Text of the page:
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f2: Bystanders’ behavioural and hormonal results.(a) 2D heatmaps and linear histograms of the time spent in each position of the tracking arena by a representative focal fish from each treatment: bystander to fighting conspecifics (BIC); bystander to non-interacting conspecifics (BNIC); and socially isolated (ISOL). The heatmaps are scaled from maximum relative value (red) to minimum relative value (dark blue). Linear histograms represented in arbitrary scale. (b) Circular plots of the focal fishes’ individual mean orientations for each treatment (BIC – magenta triangles, BNIC – lime triangles, ISOL – blue triangles) and the corresponding group mean resultant vector (black arrows). BIC fish deviate significantly from a uniform distribution, clustering around its group mean resultant vector. (c) Scatter plot (n = 10 to 12 / treatment) of the individual (coloured dots) and mean (black lines) percentage of time spent in the ROI for each treatment (BIC– magenta; BNIC– lime; ISOL– blue) during the 30 minutes test. Dashed grey line represents the value expected from a random distribution in the arena (25%). (d) Polar scatter plot of the focal fishes’ (coloured dots) individual mean resultant vector’s angles α (0˚ to 360˚) combined with corresponding vector lengths R (0 to 1), for each treatment. (e) Scatter plot of the individual (coloured dots) resultant vector’s lengths R projected (R proj) onto the stimulus direction (180˚) and corresponding group mean value Rgproj (black lines), for each treatment. Positive values indicate directional focus towards the stimulus; zero indicates no directionality (dashed grey line); negative values indicate directional focus opposite to the stimulus. (f,g,h) Scatter plots of the individual (coloured dots) and mean values (black lines) of the focal fishes’ total distance covered in the arena, mean speed in ROI and whole-body cortisol levels, for each treatment. * P < 0.05, ** P < 0.01, *** P < 0.001.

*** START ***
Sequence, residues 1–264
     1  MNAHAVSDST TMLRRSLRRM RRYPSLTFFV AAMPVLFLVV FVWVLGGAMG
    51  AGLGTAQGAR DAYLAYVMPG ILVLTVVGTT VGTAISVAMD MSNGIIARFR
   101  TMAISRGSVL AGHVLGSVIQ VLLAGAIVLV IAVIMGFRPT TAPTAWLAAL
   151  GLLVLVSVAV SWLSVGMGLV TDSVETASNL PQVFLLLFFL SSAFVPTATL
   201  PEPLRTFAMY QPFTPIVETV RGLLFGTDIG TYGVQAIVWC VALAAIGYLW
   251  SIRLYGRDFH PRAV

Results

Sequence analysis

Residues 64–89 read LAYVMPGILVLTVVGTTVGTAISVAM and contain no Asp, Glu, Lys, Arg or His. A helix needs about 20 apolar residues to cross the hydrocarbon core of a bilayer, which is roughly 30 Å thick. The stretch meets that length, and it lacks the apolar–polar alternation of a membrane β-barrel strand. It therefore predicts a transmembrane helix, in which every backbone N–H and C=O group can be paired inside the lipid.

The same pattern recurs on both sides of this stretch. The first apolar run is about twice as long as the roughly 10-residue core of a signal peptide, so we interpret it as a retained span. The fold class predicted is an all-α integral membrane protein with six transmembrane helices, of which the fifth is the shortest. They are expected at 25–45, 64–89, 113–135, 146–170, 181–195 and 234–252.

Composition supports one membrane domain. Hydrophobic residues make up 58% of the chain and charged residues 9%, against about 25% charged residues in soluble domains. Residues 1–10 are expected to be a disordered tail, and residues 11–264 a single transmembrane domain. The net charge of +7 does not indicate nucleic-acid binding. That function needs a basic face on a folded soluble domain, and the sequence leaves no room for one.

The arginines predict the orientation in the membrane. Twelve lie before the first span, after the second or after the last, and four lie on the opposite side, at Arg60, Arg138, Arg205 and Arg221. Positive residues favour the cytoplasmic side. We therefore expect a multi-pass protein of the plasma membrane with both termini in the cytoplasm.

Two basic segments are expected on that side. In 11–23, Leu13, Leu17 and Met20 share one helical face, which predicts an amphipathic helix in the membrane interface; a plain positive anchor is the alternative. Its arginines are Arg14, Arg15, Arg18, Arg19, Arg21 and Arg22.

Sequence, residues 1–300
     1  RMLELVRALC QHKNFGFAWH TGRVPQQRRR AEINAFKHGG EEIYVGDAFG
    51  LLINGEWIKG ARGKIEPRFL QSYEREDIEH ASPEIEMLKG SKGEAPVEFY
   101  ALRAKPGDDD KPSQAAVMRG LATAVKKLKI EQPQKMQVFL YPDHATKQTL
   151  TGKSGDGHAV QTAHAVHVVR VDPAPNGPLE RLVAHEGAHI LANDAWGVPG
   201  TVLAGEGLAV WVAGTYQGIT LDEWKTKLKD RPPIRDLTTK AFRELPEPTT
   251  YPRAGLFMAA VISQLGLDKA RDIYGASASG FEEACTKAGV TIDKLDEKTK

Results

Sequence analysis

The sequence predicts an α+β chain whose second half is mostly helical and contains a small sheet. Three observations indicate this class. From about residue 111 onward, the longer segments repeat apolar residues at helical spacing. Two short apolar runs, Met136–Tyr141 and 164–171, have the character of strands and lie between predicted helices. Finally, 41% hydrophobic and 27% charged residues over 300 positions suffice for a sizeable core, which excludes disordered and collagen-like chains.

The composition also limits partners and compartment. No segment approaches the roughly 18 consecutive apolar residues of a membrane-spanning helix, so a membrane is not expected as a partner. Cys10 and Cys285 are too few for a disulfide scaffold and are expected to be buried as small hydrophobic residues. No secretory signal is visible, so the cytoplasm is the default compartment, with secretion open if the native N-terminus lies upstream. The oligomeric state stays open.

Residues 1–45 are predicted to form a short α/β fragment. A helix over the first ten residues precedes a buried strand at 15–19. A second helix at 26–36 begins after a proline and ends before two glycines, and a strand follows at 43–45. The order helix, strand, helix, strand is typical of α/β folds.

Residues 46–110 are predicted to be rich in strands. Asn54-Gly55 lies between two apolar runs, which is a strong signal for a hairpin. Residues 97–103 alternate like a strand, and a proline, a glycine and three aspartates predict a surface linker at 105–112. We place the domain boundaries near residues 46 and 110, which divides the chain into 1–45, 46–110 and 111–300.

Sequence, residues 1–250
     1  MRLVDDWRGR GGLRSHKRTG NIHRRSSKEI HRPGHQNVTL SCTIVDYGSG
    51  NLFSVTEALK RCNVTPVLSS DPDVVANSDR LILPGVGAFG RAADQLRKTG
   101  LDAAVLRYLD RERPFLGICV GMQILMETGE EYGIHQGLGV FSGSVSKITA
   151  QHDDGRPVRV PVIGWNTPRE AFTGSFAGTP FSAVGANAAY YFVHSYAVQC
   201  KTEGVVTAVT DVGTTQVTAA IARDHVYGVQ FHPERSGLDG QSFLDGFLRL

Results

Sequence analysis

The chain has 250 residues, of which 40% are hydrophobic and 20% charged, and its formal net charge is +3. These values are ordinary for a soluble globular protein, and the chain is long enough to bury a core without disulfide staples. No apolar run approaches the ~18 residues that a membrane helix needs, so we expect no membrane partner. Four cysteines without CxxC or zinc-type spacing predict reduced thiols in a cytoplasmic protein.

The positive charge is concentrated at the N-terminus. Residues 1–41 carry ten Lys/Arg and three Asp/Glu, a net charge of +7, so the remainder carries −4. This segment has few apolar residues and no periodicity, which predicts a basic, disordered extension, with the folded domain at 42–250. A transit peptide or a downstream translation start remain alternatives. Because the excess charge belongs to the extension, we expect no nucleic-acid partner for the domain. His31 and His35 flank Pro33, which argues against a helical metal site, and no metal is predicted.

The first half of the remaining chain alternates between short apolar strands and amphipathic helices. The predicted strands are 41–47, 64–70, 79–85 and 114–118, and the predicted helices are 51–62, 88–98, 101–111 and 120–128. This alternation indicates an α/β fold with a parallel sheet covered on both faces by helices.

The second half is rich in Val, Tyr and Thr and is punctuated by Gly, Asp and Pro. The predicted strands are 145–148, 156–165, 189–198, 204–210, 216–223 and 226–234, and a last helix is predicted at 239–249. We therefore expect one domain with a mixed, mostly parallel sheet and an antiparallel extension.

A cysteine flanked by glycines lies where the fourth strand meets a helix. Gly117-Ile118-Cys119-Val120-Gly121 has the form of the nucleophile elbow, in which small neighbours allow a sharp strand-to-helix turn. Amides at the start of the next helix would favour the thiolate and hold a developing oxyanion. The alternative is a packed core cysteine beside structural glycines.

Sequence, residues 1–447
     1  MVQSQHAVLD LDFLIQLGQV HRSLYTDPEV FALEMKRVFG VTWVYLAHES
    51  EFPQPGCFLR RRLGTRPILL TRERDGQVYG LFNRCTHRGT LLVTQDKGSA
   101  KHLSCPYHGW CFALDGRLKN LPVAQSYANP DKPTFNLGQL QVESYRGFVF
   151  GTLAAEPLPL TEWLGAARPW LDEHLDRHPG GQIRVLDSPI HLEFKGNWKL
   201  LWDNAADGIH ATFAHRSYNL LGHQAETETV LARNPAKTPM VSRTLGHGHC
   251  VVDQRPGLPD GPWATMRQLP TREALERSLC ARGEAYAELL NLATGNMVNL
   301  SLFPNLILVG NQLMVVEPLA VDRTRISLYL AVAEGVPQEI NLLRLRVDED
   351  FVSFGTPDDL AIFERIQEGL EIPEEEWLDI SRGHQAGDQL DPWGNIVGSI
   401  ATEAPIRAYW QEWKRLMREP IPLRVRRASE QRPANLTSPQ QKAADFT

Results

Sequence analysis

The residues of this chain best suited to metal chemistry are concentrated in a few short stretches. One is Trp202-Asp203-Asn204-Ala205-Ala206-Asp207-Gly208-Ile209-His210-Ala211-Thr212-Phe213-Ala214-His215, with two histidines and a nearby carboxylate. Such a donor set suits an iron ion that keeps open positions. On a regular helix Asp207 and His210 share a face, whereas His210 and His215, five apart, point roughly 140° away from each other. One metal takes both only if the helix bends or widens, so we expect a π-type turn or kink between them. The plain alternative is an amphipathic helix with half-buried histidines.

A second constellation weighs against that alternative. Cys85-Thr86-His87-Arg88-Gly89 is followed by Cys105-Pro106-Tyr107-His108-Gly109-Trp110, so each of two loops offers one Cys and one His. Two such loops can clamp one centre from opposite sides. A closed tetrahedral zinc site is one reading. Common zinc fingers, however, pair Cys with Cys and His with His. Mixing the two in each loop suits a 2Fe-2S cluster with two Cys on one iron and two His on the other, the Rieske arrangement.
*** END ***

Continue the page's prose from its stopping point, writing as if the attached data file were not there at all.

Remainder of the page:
Mentions: We started the analysis by individually profiling the time spent by the focal fish in each position of the arena during the test. Qualitative analysis using 2D heatmaps and histogram representation, revealed different spatial distribution patterns for each treatment (Fig. 2a). On average BIC fish spent more time closer to the tank wall on the side of the fighting stimulus fish than did BNIC fish, which showed a more dispersed distribution in the arena. A few BNIC fish spent more time in the area closer to one of the two non-interacting stimulus fish. ISOL fish showed on average a dispersed distribution in the arena. As a quantitative measure of proximity towards the stimuli, we analysed for each treatment the group mean percentage of time spent in the region of interest (ROI), comprising 25% of the tank (see Methods, Fig. 1c). BIC fish spent significantly more time in the ROI than ISOL fish, whereas there were no differences between BNIC and ISOL fish (see Fig. 2c and Table 1). The differences between BIC and BNIC fish were also not significant (Table 1). The ISOL fish results (time in ROI = 22.67 ± 3.17%, mean ± SEM, n = 10) matched what would be expected from a uniform distribution in the arena, with the fish showing no particular preference for the ROI and spending on average 25% of the time in 25% (ROI) of the total area (One-sample t-test, t9 = –0.73, P = 0.48). In the BNIC treatment, three (time in ROI = 84.39 ± 4.48%, n = 3) out of the 12 tested fish showed a strong proximity towards the stimuli, which differed from the other nine fish (time in ROI = 27.03 ± 4.46%; n = 9) suggesting a possible bimodality of a subset of the sampled population. To measure the focal fish’s directionality, we analysed individual and group preferred orientations, and also directional focus (see Methods for details) towards the stimulus fish. Circular scatter plots of the individual mean resultant vector’s orientations and directional focus (see Methods), revealed different distribution patterns for each treatment (Fig. 2b,d). We observed that BIC fishes’ mean orientations, strongly clustered around the fighting conspecifics tank’s direction (at 180 degrees). BNIC fish also oriented predominately towards the stimulus direction although scattered as well around other directions, whereas ISOL fish showed a dispersed distribution along different directions. Correspondingly, determination of the group mean resultant vector for each treatment (see Methods, Fig. 2b) revealed that all group mean resultant vectors were oriented towards the stimuli at 180°[αg (BIC) = 182.59°, 95% C.I. = 158.43° – 191.91°, Rg = 0.25, n = 11; αg (BNIC) = 179.07°, Rg = 0.14, n = 12; αg (ISOL) = 186.21°, Rg = 0.042, n = 10], with the corresponding mean vector’ lengths Rg, a measure of directional focus (see Methods for details), showing a higher value for the BIC treatment. Likewise, the individual fish vector’s length projection (R proj) onto the stimulus direction and the corresponding group mean projection (Rgproj) (see Methods and Fig. 2e), were significantly higher for BIC fish than ISOL fish, whereas there were no differences between BNIC and ISOL fish (see Table 1). The differences between BIC and BNIC fish were also not significant (Table 1). Reassuringly, circular uniformity analysis confirmed that only the BIC fish showed a significant directional focus towards the stimulus, with their individual mean orientations’ distribution (Fig. 2b) deviating significantly from uniformity and clustering around the corresponding group mean direction[Moore’s Test, (BIC): P < 0.001; (BNIC): P > 0.1; (ISOL): P > 0.1].